Always use a worming treatment prescribed by a vet. If you think your pup may have worms, talk to your vet for a diagnosis and advice on the best treatment for your pup. They can also help your pup avoid and possible side effects from a recommended treatment.
How you worm a [puppy will depend on the kind of treatment you use. These could be chewable tablets, liquids, or spot-on treatments.

How to worm a puppy using chewable tablets

Using chewable tablets is a quick and easy way to worm your pup. You simply pop it out the packet, offer it like a treat, and let your pup eat it. You can measure the dose pretty easily too, as the tablets are already measured. But as your pup grows, you will need to check what dose they need and it might involve breaking a tablet in half. 
Tablets are pretty easy to give your pup because they’re usually flavoured to make them more appealing. Some can be crushed up or hidden in food so they’re even easier to eat, or less noticeable to your pup. The challenge with tablets is some pups might spit them out. If they do, it can make the treatment less effective because they aren’t getting the full dose. There might also be a slight risk of choking if your puppy doesn't chew the tablet properly. But your vet will have plenty of tips on how to make your pup take their tablets safely and effectively.

How to worm a puppy using liquids

With liquids, you’ll need to measure out the dose and feed it to your pup. Liquids can be easier to adjust to get the right dose for your puppy's size and weight as they grow. But the challenge with liquid dewormers is if they don’t taste nice, your pup might not want to take them. Measuring the right dose can also be pretty fiddly.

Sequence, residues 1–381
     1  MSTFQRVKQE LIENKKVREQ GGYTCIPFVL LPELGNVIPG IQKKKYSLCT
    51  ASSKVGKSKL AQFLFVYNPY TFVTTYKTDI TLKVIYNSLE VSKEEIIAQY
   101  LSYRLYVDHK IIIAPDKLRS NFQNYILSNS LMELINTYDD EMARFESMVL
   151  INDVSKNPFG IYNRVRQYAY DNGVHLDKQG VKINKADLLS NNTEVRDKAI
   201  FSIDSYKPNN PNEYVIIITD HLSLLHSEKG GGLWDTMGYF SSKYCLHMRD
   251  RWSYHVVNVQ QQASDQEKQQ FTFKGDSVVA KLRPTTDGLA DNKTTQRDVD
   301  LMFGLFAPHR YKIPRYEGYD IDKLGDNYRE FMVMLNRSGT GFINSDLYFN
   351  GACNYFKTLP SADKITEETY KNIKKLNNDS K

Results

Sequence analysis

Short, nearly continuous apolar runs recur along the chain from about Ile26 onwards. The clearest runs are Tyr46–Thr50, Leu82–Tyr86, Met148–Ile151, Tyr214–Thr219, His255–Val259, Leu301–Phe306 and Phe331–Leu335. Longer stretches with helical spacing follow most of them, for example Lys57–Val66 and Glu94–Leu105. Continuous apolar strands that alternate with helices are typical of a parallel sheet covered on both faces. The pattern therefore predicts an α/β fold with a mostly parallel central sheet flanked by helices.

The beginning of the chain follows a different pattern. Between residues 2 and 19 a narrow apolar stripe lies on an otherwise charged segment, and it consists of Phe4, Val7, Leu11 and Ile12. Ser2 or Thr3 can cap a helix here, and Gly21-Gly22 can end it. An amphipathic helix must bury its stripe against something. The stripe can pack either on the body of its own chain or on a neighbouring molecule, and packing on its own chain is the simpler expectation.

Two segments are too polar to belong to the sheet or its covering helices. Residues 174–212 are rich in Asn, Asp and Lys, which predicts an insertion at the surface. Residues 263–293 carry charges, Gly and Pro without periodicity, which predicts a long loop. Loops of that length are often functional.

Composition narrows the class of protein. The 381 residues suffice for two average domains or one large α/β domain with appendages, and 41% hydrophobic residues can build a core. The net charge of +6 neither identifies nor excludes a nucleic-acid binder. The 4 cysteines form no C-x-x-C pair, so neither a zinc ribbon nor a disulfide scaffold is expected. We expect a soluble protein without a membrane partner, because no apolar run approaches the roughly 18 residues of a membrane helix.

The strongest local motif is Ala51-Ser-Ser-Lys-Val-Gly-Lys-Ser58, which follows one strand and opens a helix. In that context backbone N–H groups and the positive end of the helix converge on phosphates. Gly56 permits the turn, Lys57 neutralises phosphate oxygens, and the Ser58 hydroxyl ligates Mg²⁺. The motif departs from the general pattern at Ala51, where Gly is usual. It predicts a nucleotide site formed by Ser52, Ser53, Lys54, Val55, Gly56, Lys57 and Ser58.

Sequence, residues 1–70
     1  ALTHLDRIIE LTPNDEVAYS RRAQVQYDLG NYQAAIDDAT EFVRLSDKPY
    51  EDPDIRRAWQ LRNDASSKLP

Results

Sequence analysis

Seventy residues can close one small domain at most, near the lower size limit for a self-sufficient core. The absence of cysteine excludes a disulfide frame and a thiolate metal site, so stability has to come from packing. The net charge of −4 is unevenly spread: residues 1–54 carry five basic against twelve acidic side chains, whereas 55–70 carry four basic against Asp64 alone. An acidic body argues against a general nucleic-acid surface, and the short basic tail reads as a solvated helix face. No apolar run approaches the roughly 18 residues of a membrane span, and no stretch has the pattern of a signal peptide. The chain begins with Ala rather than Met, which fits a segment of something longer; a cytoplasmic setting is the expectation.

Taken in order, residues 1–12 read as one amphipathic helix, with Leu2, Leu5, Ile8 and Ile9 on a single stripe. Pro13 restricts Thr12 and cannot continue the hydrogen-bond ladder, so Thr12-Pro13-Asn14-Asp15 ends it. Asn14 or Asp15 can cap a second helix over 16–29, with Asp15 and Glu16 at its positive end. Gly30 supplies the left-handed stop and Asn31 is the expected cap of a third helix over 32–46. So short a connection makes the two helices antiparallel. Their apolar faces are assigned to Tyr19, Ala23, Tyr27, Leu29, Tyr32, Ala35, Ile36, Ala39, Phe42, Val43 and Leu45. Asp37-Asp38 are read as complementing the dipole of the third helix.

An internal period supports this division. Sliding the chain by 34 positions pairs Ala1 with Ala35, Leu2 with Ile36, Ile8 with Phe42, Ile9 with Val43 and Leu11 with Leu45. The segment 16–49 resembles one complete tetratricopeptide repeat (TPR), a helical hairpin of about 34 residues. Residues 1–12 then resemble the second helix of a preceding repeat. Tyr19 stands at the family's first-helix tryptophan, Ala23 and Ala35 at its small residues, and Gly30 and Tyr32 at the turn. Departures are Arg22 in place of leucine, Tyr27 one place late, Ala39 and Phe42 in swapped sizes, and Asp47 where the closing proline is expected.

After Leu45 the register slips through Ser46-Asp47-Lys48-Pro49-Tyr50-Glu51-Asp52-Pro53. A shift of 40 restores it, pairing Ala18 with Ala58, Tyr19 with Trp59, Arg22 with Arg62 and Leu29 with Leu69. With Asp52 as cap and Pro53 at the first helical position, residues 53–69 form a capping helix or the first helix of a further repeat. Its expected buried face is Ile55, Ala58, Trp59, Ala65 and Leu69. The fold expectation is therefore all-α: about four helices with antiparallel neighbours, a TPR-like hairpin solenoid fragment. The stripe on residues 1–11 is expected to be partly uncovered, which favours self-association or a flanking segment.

How to worm a puppy using spot treatments

Spot-on treatments are external medicines that you put on your puppy's coat. They’re usually pre-measured doses, so it’s not too fiddly to do. Other than holding your puppy still! Because it doesn’t need to be swallowed, like a tablet or liquid, this might be a good option if your pup is picky about their food, or a master of finding the tablet.
After you apply a spot treatment, it’s important to keep your puppy still to make sure it dries into their skin without the treatment touching any other pets or people. This can be tricky with a wiggly puppy! 
It’s uncommon, but some puppies might have sensitive or irritated skin where the treatment is applied. So make sure you check your pup's skin for the first few hours after using a spot-on treatment.
Some spot treatments are effective against both internal and external parasites, so they can be a two-in-one treatment. Not all spot-on treatments cover all types of internal parasites, so you’ll need to check with your vet what your pup will be protected against.

Choosing the right worming treatment

To pick the best worming treatment for your puppy, think about these factors:
Puppy's age and size. Different meds are made for puppies of different ages and sizes. Follow your vet’s advice to get the right product for your pup.